Forty million people have had their personal information affected by healthcare data breaches during the first half of this year — putting 2023 on pace to break the record for number of individuals affected by healthcare data breaches.
With cyberattacks proliferating, data security remains a pressing priority for health systems. These attacks can lead to EHR downtime, delayed services, misuse of patient data and class action lawsuits. Recent research from IBM showed that the average cost of a healthcare data breach has risen by more than 50% in the past three years — now reaching $10.93 million.
As health systems shore up their defenses against cybercriminals, they should openly communicate with their third-party vendors about data security risks and work together to actively manage those risks. That’s according to Aaron Miri, Baptist Health’s chief digital and information officer, who spoke Tuesday during a virtual roundtable discussion hosted by health IT security company Imprivata.
When implementing new technology systems, it’s imperative that health systems know “there are no failsafe, foolproof mechanisms to digitally transform,” Miri said.
“Make sure that you get out of the head of your board of directors and leadership team that you can do this with no risk at all,” he declared.
With this in mind, hospitals’ digital leaders need to abandon mindsets centered on risk aversion and adopt mindsets focused on risk management, Miri recommended. Instead of being fearful of the cybersecurity risks present when adopting new technology, these leaders should always be thinking about how their organization can best assess and communicate about such risks, he added.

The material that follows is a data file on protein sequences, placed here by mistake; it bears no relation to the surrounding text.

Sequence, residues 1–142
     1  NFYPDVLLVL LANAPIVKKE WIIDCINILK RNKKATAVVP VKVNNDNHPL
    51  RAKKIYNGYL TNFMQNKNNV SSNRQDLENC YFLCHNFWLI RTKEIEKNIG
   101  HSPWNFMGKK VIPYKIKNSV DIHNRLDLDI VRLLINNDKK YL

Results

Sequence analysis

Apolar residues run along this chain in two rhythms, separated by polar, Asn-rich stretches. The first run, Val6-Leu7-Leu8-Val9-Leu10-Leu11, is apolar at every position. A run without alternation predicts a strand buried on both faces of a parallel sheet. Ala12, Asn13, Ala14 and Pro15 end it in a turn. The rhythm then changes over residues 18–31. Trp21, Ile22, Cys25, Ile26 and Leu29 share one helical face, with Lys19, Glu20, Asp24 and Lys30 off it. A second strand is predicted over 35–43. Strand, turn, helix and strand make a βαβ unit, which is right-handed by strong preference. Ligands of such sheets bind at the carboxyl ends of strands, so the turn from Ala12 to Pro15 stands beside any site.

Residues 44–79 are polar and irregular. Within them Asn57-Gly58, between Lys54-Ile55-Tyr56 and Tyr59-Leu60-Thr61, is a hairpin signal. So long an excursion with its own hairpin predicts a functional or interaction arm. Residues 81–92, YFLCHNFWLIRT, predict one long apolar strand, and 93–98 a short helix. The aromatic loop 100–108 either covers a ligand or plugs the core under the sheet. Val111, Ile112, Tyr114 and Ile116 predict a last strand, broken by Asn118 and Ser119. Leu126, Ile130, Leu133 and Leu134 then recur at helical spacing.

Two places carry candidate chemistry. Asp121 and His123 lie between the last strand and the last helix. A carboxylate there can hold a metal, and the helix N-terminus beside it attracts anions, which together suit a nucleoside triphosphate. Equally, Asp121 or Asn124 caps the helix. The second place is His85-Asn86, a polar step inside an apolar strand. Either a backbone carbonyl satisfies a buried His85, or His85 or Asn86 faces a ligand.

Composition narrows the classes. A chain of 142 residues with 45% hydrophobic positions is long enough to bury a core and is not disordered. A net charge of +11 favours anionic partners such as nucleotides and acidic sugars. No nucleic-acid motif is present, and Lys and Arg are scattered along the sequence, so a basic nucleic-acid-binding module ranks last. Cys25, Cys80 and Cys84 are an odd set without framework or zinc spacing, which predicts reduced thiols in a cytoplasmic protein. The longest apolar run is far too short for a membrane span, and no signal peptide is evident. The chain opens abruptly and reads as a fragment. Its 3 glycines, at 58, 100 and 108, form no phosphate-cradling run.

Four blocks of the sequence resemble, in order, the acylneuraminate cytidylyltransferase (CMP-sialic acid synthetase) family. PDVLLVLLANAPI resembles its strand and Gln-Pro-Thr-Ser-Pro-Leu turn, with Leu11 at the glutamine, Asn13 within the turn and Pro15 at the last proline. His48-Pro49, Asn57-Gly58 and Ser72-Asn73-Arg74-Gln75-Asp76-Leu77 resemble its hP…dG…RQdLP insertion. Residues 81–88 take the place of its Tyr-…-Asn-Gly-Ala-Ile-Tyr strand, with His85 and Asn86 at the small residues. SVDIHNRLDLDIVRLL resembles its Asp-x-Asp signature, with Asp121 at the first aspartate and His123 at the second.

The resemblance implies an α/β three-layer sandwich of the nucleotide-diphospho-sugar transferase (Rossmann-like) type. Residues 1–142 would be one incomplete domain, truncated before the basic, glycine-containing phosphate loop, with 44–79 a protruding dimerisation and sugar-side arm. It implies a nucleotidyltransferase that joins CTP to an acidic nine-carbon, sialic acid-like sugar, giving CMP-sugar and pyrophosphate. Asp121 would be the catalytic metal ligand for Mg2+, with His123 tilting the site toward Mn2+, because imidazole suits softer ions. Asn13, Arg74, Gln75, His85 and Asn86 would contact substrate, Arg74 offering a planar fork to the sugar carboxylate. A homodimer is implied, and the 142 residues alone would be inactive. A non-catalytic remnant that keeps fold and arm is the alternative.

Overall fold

One key way hospitals can minimize data security risks is to make sure their third-party partners understand “the traps and trials and tribulations” that providers face when it comes to protecting their patient data across multiple technology systems, Miri said.
“For us here at Baptist Health, we recently implemented a brand new [Epic] electronic medical record system last summer. That was tremendous risk, tremendous moving parts, all sorts of things — but we had full communication with their board of directors about risk management compliance. We did it eyes wide open with a cybersecurity posture in mind,” he explained.
Another piece of advice Miri gave to health systems was to remember that cybercriminals often attack providers when they’re most vulnerable.
For example, a couple weeks ago, Hurricane Idalia hit Florida, where Baptist Health is based. The day before the hurricane hit land, the health system was “facing phishing attacks left and right,” Miri said.
“The bad guys are always watching as you go about digital change or navigate an event like a hurricane or whatever may be going on in your region. So at the end of the day, it’s about awareness, about communication and about effective management and mitigation of risk,” he declared.
Photo: Traitov, Getty Images